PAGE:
The above is why types like Point2D representing a point on a plane and data transfer objects (DTOs) and, more generally, value objects are often passed around directly. Before moving on to sums, I'll say that the above does not preclude using an interface conceptually. There are differing implementations of pairs, especially for concrete cases like Point2D which we may represent as polar or cartesian coordinates. Theoretically, the implementations would nevertheless be isomorphic and thus not differ in any observable behavior, e.g. they may have different performance characteristics but they always behave the same. Unfortunately, C#, like most languages, lacks a way to express, let alone enforce, contracts on interfaces that would guarantee this.

Sum types are dual to product types and thus have dual concerns. See below for one possible encoding of a 2-variant sum type called Either (following the name Haskell uses). The concerns are arguably much sharper in this case. The universal property in this case (slightly simplifying the notation) is: new Left(a).Match<C>(a => x, b => y) = x, new Right(b).Match<C>(a => x, b => y) = y, and e.Match<Either<A, B>>(a => new Left(a), b => new Right(b)) = e. One of the key benefits of (closed) sum types is that they are exhaustive. Our Either type has two cases, Left and Right, and once we've specified what to do in those two cases, then we've covered all cases. If Either was an interface that allowed other implementations, we would not have this guarantee. Further, sum types allow us to decrease precision. Clearly, a type that could be either A or B is less precise than one that is always A. To this end, it can sometimes be beneficial to have a return type like Either<A, B>.Right rather than just Either<A, B> as that provides more precision. Consumers no longer have to handle a Left case that can't happen.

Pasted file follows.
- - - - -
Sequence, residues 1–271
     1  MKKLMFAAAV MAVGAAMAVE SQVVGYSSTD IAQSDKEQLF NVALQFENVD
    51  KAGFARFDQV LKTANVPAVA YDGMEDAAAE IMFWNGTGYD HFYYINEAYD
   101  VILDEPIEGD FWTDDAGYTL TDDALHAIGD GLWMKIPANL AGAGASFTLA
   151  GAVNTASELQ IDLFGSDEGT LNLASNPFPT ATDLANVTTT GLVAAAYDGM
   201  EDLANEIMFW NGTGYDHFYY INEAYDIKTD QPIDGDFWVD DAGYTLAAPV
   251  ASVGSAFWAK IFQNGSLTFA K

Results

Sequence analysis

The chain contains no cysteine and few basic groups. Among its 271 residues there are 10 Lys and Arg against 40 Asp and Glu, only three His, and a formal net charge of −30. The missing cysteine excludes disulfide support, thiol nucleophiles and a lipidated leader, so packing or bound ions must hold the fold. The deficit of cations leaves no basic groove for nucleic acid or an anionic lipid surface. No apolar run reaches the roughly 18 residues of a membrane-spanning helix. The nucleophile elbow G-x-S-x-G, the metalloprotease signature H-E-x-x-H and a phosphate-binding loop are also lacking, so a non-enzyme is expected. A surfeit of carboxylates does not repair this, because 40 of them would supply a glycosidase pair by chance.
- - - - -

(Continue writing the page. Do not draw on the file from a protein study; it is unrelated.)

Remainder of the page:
In general, concrete types are more precise than interfaces. Most of the time, we don't need or want that level of precision, but sometimes we do, or at least we want more precision than can be captured by C#'s type system without going all the way to a concrete type. Structural types have structural properties that we do tend to care about and are not captured by analogous interfaces. Many languages build these types in the form of tuples, records, "generalized" enumerations, and algebraic data types.

public abstract class Either<A, B> {
  private Either() {} // Trick to disallow any other subclasses.

  public abstract C Match<C>(Func<A, C> left, Func<B, C> right);

  public sealed class Left : Either<A, B> {
    public readonly A Value;
    public Left(A a) { this.Value = a; }
    public override C Match<C>(Func<A, C> left, Func<B, C> right) {
      return left(this.Value);
    }
  }    

  public sealed class Right : Either<A, B> {
    public readonly B Value;
    public Right(B b) { this.Value = b; }
    public override C Match<C>(Func<A, C> left, Func<B, C> right) {
      return right(this.Value);
    }
  }
}

  1. The unweakened version would have p, a, and b be expressions and not just variables, but then these equations wouldn't hold due to side-effects. ↩︎

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IList<T> is not necessarily representative of the general case; it's an interface that is (A) widely implemented by a variety of classes from a variety of sources, which themselves (B) tend to add additional functionality or constraints not captured by the signature of IList<T>. There is, in my opinion, very little if any [see below for one] reason to ever return a List<T> instead of an IList<T>, but you could very well want to return a SortedSet<T> in order to get at its Min and Max properties.

Ideally, for that example, there'd be some sort of ISortedSet<T> interface that would abstract over those properties. But there isn't, as of .NET 7.0, which historically is representative of the story with these abstract collection interfaces. Good ideas, 80% execution. So in practice, sometimes you want to type things concretely.


Peter Taylor adds: ‘Another issue specific to IList<T> is that for legacy reasons it doesn't inherit from IReadOnlyList<T>. Returning List<T> allows callers to assign to IReadOnlyList<T>, which can make it easier to reason about the calling code.’


For interfaces that don't get around as much, like ye olde IMyInternalApplicationService, you won't go wrong always favoring those over their concrete implementations everywhere in your code except the place where you tie off your dependency injection knots.